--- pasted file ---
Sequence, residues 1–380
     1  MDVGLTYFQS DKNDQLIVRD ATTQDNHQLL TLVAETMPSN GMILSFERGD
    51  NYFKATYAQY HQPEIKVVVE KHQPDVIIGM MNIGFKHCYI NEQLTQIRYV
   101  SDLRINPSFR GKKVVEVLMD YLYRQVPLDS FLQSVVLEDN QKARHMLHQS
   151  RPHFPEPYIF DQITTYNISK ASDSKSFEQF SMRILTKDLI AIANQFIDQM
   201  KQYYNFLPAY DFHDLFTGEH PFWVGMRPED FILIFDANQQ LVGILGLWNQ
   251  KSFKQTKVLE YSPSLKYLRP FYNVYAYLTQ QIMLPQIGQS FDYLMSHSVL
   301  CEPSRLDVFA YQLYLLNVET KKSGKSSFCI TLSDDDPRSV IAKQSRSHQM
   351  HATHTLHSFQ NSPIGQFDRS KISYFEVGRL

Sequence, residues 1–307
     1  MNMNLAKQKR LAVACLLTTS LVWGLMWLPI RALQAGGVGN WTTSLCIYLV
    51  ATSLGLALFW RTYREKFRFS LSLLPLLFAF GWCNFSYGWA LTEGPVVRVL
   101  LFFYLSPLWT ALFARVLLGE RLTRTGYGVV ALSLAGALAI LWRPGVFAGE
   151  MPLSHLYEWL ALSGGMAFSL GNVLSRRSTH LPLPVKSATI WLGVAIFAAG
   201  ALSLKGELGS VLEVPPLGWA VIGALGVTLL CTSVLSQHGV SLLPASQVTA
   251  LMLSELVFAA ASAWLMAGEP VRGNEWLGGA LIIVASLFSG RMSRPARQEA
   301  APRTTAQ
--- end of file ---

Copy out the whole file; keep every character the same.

Sequence, residues 1–380
     1  MDVGLTYFQS DKNDQLIVRD ATTQDNHQLL TLVAETMPSN GMILSFERGD
    51  NYFKATYAQY HQPEIKVVVE KHQPDVIIGM MNIGFKHCYI NEQLTQIRYV
   101  SDLRINPSFR GKKVVEVLMD YLYRQVPLDS FLQSVVLEDN QKARHMLHQS
   151  RPHFPEPYIF DQITTYNISK ASDSKSFEQF SMRILTKDLI AIANQFIDQM
   201  KQYYNFLPAY DFHDLFTGEH PFWVGMRPED FILIFDANQQ LVGILGLWNQ
   251  KSFKQTKVLE YSPSLKYLRP FYNVYAYLTQ QIMLPQIGQS FDYLMSHSVL
   301  CEPSRLDVFA YQLYLLNVET KKSGKSSFCI TLSDDDPRSV IAKQSRSHQM
   351  HATHTLHSFQ NSPIGQFDRS KISYFEVGRL

Sequence, residues 1–307
     1  MNMNLAKQKR LAVACLLTTS LVWGLMWLPI RALQAGGVGN WTTSLCIYLV
    51  ATSLGLALFW RTYREKFRFS LSLLPLLFAF GWCNFSYGWA LTEGPVVRVL
   101  LFFYLSPLWT ALFARVLLGE RLTRTGYGVV ALSLAGALAI LWRPGVFAGE
   151  MPLSHLYEWL ALSGGMAFSL GNVLSRRSTH LPLPVKSATI WLGVAIFAAG
   201  ALSLKGELGS VLEVPPLGWA VIGALGVTLL CTSVLSQHGV SLLPASQVTA
   251  LMLSELVFAA ASAWLMAGEP VRGNEWLGGA LIIVASLFSG RMSRPARQEA
   301  APRTTAQ